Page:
William Robert Davidge

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William Robert Davidge (1879-1961) was an Architect and Surveyor, who combined these skills with an enthusiasm for urban improvement to become one of the pioneering leaders of the British town planning movement of the early twentieth century. He also played a key role in the introduction of town planning to Australia and New Zealand. He served as President of the Royal Town Planning Institute from 1926-27.[1]

Biography[edit]

Early and Personal Life[edit]

William Robert Davidge was born on February 17th 1879 in Teddington, Middlesex. His parents were Henry Thomas Davidge and Louisa Anderson Davidge. He entered University College in 1896, and also studied at Kings College, graduating with a degree in architecture in 1900. He married Kathleen Mary Lane and had three children, Kathleen Enid Grace Davidge (24 Sep 1910), Margaret Mary Davidge (6 Jun 1912), and Helen Joyce "Jane" Davidge (15 May 1919).

Architect[edit]

From 1902 to 1907 Davidge was an assistant to W.E. Riley in the architect's department of the London County Council. He became an associate member of the Royal Institute of British Architects in 1904. In July 1912 he was made a Fellow of the Royal Institute of British Architects.

Surveyor[edit]

While a student Davidge was articled to Marshall Hainsworth, Surveyor to the Teddington Urban District Council. From 1907 to 1916 he was District Surveyor for Lewisham, Greenwich, and Woolwich. In 1919 he became Housing Commissioner for the Southern Counties and later for the London area.

Town Planner[edit]

In the early 1900s Davidge took an interest in the emerging British Garden City Movement. In 1909 he presented a paper[2] to the Institution of Surveyors (later to become the Royal Institution of Chartered Surveyors) in support of the Housing, Town Planning, &c. Act 1909 which proposed to make it mandatory for local authorities in the United Kingdom to introduce town planning systems.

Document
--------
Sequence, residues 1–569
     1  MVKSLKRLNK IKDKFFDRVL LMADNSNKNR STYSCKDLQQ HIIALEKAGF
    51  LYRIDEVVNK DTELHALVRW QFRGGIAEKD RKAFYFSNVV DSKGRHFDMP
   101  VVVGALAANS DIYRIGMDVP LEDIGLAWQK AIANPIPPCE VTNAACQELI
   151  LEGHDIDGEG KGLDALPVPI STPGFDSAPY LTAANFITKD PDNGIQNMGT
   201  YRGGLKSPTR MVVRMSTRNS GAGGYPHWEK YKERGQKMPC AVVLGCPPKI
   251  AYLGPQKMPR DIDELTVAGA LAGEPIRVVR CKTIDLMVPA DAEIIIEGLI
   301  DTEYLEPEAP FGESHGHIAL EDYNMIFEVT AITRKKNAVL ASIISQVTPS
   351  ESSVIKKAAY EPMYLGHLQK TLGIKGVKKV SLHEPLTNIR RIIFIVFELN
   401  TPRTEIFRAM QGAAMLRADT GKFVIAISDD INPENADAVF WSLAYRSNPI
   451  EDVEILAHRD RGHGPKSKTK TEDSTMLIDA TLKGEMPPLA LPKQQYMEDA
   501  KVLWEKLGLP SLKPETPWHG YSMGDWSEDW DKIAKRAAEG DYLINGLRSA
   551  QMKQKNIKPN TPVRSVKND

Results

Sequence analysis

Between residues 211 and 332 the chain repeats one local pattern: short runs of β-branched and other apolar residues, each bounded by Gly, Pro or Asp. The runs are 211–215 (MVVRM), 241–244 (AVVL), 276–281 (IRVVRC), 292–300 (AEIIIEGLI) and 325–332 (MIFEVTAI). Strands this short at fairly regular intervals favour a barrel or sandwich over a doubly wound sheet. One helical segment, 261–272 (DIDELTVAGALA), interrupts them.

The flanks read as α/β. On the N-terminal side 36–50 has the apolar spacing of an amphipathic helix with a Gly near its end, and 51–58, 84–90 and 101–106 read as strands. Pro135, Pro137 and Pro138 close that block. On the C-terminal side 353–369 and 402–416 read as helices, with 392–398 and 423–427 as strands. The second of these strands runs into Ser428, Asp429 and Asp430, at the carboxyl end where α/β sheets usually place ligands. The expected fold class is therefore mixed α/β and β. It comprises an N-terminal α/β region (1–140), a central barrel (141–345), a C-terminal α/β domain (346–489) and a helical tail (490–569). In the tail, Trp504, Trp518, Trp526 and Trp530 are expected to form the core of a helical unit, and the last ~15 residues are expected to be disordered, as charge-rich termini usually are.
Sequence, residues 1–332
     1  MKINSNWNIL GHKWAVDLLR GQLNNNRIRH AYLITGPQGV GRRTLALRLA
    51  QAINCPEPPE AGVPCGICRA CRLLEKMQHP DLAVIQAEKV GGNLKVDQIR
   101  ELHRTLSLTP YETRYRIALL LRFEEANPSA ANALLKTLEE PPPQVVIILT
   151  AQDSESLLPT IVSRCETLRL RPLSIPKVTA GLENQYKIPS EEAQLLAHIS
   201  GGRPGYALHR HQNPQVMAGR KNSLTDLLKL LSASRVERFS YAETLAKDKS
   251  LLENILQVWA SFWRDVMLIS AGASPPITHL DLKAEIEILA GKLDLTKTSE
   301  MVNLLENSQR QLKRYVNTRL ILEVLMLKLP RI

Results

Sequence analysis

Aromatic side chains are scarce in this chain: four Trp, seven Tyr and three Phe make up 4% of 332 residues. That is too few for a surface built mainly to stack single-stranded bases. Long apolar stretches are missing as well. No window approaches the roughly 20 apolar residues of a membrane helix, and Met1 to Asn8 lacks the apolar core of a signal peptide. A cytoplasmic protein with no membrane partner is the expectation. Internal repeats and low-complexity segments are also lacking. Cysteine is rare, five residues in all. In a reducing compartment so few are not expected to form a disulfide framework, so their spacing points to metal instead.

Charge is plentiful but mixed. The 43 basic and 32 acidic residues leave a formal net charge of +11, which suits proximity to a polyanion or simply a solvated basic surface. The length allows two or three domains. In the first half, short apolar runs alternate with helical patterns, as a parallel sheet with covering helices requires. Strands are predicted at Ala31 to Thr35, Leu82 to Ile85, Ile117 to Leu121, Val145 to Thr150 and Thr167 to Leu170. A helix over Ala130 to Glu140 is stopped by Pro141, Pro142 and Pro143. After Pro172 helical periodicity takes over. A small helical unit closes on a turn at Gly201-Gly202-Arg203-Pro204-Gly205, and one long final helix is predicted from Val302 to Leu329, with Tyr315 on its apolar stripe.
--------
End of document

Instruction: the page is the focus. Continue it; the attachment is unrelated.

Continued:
From 1921 Davidge practiced as a consulting town planner and architect-surveyor, and in 1926 he was elected President of the Royal Town Planning Institute, as well as serving as Chair of the Executive of the Garden Cities and Town Planning Association (later to become the Town and Country Planning Association). Davidge prepared professional planning reports for places throughout the United Kingdom, including recommendations for Bedfordshire, Berkshire, Buckinghamshire, Cambridgeshire, Hertfordshire, West Kent and Belfast, Northern Ireland. As well as being a member of architecture and planning institutes, he was also an associate member of the Institution of Civil Engineers.

Influence in New Zealand and Australia[edit]

In 1914, Davidge travelled to New Zealand and from there to Australia. In both New Zealand and Australia Davidge gave a series of public lectures with Charles Reade (1880 - 1933), another enthusiast of town planning, to promote the new planning paradigms. As a result of this tour Davidge drew up New Zealand's first civic improvement scheme, a plan for the Taranaki city of New Plymouth. Davidge's plan was not, however, implemented.[3]

References[edit]

  1. ^ Presidents of the Royal Town Planning Institute
  2. ^ Davidge, W.R., "Town Planning Systems", The Surveyor's Institute Transactions, 42, 31-63
  3. ^ Miller, Caroline. "Town Planning in New Zealand," Planning Quarterly, December 2002, 13